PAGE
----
1199 Oil, Lard, barrels,

5401 Peach Brandy, barrels,

4 Potatoes, barrels,

151861 Pork, barrels,

356480 Pork, hhds.,

14201 Pork, in bulk, pounds,

13564430 Porter and Ale, barrels,

3492 Packing Yarn, reels,

3333 Skins, deer, packs,

1361 Skins, bear, packs,

22 Shot, kegs,

5258 Soap, boxes,

5580 Staves, thousand,

2000 Sugar, (estimated crop:) bhds., 240000 Spanish Moss, bales,

2 75 30 00 60 00 17 00

3 00 20 00 1 00 2 80 16 00

21030

27540 3672527 910983 126320

14920 1699504

16

12292 1920000 350415 15920 46540 29975 108020

60

75 2 00 20 00 25 00 20 00 .15 00 2 00 8 50 35 00

3 7 00 7 00 20 00 15 00 18 00

2 50 40 00 40 00

303782 3030080 497035 406932 24444 23331 21220

330 94644 13950 Articles.

3406 Tallow, barrels, !

4357

4 00 18 00

80000 9600000

13624 ..78426

Amount. Tobacco, leaf, hhds,

47882 Tobacco, strips, hbds,

8000 Tobacco, chewing, kegs and boxes, 6390 Tobacco, bales,

118 Twine, bundles and boxes,

2132 Vinegar, barrels,

1199 Whisky, barrels,

135333 Window Glass, boxes,

4260 Wheat, barrels and sacks,

149181 Other various articles-estimated at

Average.
55 00
90 00
12 00

3 00
11 00
4 00
7 00
4 00
1 80

Value, 2633510 720000 76680

354 23450

4796 947331

17040 269659 5000000

Total value,
Total in 1846-47,
Total in 1845–46,
Total in 1844-45,

$79779151. 90033256 77193464 57199122

Exports of Cotton and Tobacco, for the year commencing 1st Sep. tember, 1847, and ending 31st May, 1848. 1817-18.

1847-18. Whither Exported.

Cotton-Bales.

Tobacco-Hhde.
Liverpool..v...
...619817.....

8706
London.....

000....

........... 10 08 Glasgow and Greenock......... 27996

000 Cowes, Falmouth, &c............

6270....

............ 1153 Cork, Belfast, &c......

000....

000

2201
Havre.............................123556
Bordeaux ......................

3178....

129 Marseilles...

8659.....

2625 Nantz, Cette and Rouen.... 5275..

100 Amsterdam

1831....

000 Rotterdam and Ghent ............

304....

75 Bremen.....................

8716...

6252 Antwerp, &c ................... 14170.....

3371 Hamburg

791....

239 Gottenburg ......................

4887....

915

7692
Spain and Gibraltar............. 32565....
Havana, Mexico, &c............. 25408.....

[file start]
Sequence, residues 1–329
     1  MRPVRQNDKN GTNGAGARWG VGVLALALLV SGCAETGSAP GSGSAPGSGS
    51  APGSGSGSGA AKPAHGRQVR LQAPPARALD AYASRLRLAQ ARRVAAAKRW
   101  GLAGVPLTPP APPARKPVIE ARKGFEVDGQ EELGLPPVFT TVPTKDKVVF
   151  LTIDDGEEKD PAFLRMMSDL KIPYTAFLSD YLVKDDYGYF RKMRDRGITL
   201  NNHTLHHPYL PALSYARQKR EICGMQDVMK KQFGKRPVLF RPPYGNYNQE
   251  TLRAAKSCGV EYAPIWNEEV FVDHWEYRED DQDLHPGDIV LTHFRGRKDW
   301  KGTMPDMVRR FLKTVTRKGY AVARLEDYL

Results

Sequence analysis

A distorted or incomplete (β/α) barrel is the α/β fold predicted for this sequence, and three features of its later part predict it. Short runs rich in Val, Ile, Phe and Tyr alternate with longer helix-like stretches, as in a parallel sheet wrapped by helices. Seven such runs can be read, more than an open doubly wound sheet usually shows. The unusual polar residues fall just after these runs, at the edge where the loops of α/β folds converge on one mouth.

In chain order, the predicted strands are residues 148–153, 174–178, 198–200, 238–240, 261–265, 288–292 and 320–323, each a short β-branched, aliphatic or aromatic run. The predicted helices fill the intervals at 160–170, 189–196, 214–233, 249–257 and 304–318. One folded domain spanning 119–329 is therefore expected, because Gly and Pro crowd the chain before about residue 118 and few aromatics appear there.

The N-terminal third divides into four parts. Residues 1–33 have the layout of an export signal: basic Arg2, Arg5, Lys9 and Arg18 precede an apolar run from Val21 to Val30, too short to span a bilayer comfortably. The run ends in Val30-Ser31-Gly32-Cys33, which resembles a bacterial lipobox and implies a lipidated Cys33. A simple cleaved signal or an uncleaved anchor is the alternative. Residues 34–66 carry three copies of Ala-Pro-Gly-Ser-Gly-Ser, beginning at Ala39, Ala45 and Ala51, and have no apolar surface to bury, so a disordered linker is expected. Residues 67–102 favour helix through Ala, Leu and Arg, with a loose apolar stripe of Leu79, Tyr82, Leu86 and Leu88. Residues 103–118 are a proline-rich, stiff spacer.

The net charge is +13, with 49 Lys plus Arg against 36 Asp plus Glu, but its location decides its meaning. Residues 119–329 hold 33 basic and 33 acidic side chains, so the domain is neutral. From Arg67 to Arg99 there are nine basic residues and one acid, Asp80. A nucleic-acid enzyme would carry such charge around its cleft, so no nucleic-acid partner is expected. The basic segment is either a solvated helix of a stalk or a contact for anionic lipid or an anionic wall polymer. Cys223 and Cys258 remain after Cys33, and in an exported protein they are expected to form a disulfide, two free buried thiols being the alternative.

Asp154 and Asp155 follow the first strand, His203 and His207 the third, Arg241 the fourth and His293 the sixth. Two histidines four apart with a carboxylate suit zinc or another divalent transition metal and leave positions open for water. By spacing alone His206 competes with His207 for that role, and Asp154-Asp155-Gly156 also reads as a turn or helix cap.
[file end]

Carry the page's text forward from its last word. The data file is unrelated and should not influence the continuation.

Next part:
617
Genoa, Trieste, &c.............

45229....

3388 China

1190.....

000
Other foreign ports. .......... 13'57.....
New York...,

........... 67578...................... 9573
Boston.....

...............143989.....................* 1619 Providence, R. I.....

1566....................

000 Philadelphia....................

16213...............

1369 Baltimore...

12328..................

200 Portsmouth.

5633,..

000 Other coast wise ports.....

3132..

2:28 Western States.....

1500.....

000

975

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Export of Flour, Pork, Bacon, Lard, Beef, Lead, Whisky, and

Corn, for the year ending 31st August, 1848.

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Exports of Sugar and Molasses, for the year ending Aug. 31, 1848.

1847-8.

1817-8.
SUGAR.

MOLASSES.
Whither Exported. '. Huds. Bbls.

Hhds.

Bbls. New York....... ............36053

2600

5747

31225 Philadelphia........ ......19808

1612

117

10861 Charleston, S. C.............. 3355

639

6660 Savannah

806

118

2334 Providence and Bristol, R. I..

1043

602 Boston ...................

3674
869

1177

5067 Baltimore...............

.11149
3258

1522

12002
Norfolk.
Richmond and Petersburg,..

6858
861

7121 Alexandria, D. C,........ 230

112 Mobile....

1604

9645 Apalachicola and Pensacola.. 1738

426

3984 Other ports..............

171
273

2142

1015 Total....... 89182

11942

11866

90638

.... 5310

Comparative prices of Sugar, on the Levee, on the first of each

month, for five years.*

1847-8 Cents.

1846-7
Cents.

1845-6
Cents,

1844-5 Cents.

1843-4 Cepts,

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September, 5 @ 72 41@ 71 6 @ 64 5 @ 64 510 61 October,

5 @ 71.610 9 6 @ 71 5 @ 6% 6 @ 7 November, 3 @ 51 510 7 5 @ 7 5 @ 5% 5 @ 61 December, 21@ 5

4 @ 6} 3 @ 5 410 64. January,

2 @ 5 5 @ 71 440 6} 20 5+ 4@ 73 February 21@ 5+ 50 71 4@ 6; 21@ 5+ 5 @ 7+ March,

24@ 5 54 @ 74 @ 64 3.@ 51: 5 @ 74 April,

21@ 5:54 @ 71 4 @ 6% 5 @ 64 54@ 74 May,

1f@ 45.

5 @ 7} 410 6 5 @ 64 50 71 June,

11@ 44 5 @ 714 @ 6 410 64 4f@ 67 July,

2!@ 48 5 @ 74 4 @ 61 41@ 61 41@ 69 August, 21 41 510 8 410 74 '50 7 41 a 63

[New Orleans Price Current. *In our review of the Patent Ofice Report, see ante page 538, our estimates for the Sugar Crop of 1847 were taken from the “ • Picayune” of September 1st, 1848. We find, by comparing the tables in the “ Picayune” with those of the “ New Orleans Price Current,” from which the present table is taken, that they are differently made up, though the results are about the same.

In fairness to the Commissioner of Patents, we wish to say that the prices of sugar for the last five years, have ranged higher than our remarks at page 538 would seem to indicate. We find, however, that the average at New Orleans has not reached six cents per pound since 1843-4. We are still of opinion that our estimate for the sugar crop of 1847, is not too low.-[EDITORS.